‘Excuse me, are you a folder or a roller?’
He was so disarming, so charming, that no one took offense.
‘See Eric, another roller!’
He strode across the top of the baggage carousel like some kind of colossus, retrieving and marshaling baggage. He checked us in and checked us out and did it all with no laptop, no briefcase, just a tattered sheet of paper covered in pencilled notes that he kept folded up in his top pocket.
Whenever we came to a stop he’d reprimand me for standing too close to him.
‘You’re doing it again, what’s is this? Have you no sense of personal space?’
I couldn’t help it - hardly realised l was doing it. I was as far from home as it’s possible to be and I felt safe under his care. The man is like a magnet. Planet Baker is a great place to be.
I’ll tell you more later. I’m just posting stuff as I write it - I don’t want it to slip away from because in spite of all my fears and missing Amy I’m actually having a really good time.
Wednesday 14 November 2018
It was strange to be adrift in Los Angeles. I arrived on Wednesday and took a taxi from the airport to the Air B’n’B where I was staying. I should have got an Uber - it would have been cheaper for one thing, but I’d never done it before, just downloaded the app, and I believed it when it said the driver wouldn’t be there for forty five minutes. Subsequently I’ve found that there’ll be a driver there within three minutes but I didn’t know how it worked and I was tired, so I took a cab.
Being the callow rustic that I am I asked the driver if it was possible to pay with a card. I was travel weary and I had a flashback to the days when cash was king and nobody I knew had a bank card. We’re talking about some time in the early eighties here. Actually I never had a bank card until the end of the nineties. Before then my bank account teetered on the edge of an overdraft and I subsisted from week to week or months to month on whatever money I had in my trouser pocket, cash I’d earned from playing gigs or recording desperate French garage bands.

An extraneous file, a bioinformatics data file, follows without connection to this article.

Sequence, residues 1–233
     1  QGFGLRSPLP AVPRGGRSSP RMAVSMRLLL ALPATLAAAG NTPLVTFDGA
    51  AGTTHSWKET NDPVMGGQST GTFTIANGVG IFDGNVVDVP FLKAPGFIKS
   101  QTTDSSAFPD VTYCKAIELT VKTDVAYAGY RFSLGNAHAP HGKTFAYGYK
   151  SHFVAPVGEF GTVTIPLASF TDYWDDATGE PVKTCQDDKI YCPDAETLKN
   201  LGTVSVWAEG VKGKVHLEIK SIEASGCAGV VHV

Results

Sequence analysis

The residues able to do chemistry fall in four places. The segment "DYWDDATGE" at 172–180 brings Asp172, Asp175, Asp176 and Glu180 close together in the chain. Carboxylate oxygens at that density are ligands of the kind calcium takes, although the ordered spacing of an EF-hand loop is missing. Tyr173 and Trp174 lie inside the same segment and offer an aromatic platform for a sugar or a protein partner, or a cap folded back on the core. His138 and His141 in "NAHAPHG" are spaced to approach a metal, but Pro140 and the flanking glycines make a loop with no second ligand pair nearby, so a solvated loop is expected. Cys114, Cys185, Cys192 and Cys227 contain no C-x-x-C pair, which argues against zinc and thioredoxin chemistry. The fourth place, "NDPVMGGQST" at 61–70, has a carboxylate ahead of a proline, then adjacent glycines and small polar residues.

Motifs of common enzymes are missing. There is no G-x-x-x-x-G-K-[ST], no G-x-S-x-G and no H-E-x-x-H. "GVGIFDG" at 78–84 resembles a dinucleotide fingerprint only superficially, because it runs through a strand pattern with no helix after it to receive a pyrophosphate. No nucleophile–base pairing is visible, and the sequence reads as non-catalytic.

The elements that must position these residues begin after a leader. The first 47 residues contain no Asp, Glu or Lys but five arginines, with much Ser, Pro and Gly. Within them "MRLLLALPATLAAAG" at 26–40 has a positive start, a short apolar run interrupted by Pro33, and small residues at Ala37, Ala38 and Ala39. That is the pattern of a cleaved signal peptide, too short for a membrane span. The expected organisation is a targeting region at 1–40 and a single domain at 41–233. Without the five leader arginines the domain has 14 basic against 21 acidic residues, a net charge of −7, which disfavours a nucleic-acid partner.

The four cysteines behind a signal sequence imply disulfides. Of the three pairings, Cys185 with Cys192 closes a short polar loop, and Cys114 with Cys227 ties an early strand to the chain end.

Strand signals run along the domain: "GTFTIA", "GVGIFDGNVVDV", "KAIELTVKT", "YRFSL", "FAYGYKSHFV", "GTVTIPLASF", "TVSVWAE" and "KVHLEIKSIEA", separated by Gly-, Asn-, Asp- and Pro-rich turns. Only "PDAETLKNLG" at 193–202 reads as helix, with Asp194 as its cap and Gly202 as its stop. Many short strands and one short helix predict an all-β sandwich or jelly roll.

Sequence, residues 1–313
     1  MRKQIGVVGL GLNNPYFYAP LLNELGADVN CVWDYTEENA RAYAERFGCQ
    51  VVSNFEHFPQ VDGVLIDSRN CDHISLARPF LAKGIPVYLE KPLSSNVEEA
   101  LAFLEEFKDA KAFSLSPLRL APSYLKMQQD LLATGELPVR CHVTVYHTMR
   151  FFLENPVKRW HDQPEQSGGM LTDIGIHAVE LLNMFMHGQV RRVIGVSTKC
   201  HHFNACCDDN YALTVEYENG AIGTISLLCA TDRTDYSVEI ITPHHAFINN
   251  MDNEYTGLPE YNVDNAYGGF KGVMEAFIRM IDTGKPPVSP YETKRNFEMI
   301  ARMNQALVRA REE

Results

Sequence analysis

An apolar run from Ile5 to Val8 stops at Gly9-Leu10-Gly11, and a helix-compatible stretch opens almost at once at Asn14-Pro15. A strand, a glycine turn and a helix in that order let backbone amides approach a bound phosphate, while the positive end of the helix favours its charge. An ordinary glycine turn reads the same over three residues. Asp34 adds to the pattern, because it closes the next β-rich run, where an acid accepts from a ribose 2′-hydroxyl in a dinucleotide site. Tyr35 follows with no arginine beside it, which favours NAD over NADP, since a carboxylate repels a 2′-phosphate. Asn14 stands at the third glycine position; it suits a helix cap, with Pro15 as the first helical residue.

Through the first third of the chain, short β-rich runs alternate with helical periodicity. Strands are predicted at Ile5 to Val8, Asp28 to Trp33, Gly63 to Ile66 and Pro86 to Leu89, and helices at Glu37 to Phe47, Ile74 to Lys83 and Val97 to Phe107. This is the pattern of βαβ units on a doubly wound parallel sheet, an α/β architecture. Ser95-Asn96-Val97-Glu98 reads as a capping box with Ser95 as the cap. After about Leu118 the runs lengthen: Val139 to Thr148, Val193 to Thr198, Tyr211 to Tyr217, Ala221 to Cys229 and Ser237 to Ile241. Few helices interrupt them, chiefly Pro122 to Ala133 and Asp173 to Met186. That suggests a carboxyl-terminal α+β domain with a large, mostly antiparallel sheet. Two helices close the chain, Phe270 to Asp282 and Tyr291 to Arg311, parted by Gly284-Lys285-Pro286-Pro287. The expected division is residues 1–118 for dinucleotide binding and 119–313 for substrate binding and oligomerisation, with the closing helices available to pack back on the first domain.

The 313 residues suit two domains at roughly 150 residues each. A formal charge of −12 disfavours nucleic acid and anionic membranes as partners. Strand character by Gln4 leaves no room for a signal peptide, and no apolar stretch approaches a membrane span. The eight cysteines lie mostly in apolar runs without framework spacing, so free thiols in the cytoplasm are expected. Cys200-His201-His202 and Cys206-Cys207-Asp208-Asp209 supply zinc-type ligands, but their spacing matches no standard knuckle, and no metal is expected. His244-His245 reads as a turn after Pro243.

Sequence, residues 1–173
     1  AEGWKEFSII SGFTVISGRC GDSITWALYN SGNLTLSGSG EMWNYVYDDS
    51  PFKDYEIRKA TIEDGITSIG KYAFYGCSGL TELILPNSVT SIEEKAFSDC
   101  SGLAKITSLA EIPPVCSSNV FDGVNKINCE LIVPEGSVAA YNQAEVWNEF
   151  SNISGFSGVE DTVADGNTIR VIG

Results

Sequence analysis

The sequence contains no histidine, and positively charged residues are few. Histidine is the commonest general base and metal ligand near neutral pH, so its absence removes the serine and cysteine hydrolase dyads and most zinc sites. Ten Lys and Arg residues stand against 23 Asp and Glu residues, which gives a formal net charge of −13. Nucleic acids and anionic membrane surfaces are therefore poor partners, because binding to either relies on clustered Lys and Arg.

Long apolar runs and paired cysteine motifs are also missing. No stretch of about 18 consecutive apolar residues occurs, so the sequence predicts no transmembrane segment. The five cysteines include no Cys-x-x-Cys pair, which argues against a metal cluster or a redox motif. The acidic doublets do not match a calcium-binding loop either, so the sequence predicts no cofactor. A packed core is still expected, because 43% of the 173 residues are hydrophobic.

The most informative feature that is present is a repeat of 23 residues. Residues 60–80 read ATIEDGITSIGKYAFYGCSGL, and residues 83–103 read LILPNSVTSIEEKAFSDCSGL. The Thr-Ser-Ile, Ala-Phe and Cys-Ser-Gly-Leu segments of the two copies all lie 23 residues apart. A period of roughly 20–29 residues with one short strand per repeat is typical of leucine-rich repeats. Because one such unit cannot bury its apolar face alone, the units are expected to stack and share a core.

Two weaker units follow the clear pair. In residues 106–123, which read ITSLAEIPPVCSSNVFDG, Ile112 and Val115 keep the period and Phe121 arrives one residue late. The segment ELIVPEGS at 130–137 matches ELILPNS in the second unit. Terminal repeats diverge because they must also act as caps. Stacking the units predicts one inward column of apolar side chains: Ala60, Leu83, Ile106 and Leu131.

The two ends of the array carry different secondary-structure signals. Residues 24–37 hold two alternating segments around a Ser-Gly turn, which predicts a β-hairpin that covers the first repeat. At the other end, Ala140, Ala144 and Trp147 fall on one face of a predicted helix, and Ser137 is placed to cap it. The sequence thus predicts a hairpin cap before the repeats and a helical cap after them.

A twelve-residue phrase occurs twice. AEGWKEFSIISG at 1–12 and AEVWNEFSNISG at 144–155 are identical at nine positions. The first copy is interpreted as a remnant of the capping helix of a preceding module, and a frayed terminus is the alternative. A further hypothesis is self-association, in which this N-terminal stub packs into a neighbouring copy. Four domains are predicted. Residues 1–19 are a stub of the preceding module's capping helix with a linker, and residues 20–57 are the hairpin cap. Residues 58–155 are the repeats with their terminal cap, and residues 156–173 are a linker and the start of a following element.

So I regressed, asked if I could pay with a card, and the driver said sure, as long as I gave him a good tip - reason enough to give him a very small tip or no tip at all, but I gave him a decent tip which was more than he deserved though it shamed him into helping me with my luggage when we got to the Air B’n’B in West Hollywood.
The place was one of those tiny twenties or thirties studio apartment bungalows, very Spanish, it put me in mind of The Day Of The Locusts, one big room opening off a courtyard. The room was furnished with a bed, a chair and a tiny writing desk. It had a bathroom and a small kitchen off to one side. The kitchen was full of a large fridge. There was a tiny fold out table which would have been charming if it hadn’t been almost totally taken up with one of those Keurig coffee makers and hemmed in by a huge microwave perched on a stool with a toaster sitting on top of it. There was a sink, a few cupboards containing basic kitchen stuff and a gas cooker. None of this was of use to me during my stay because I never found anywhere I could buy groceries.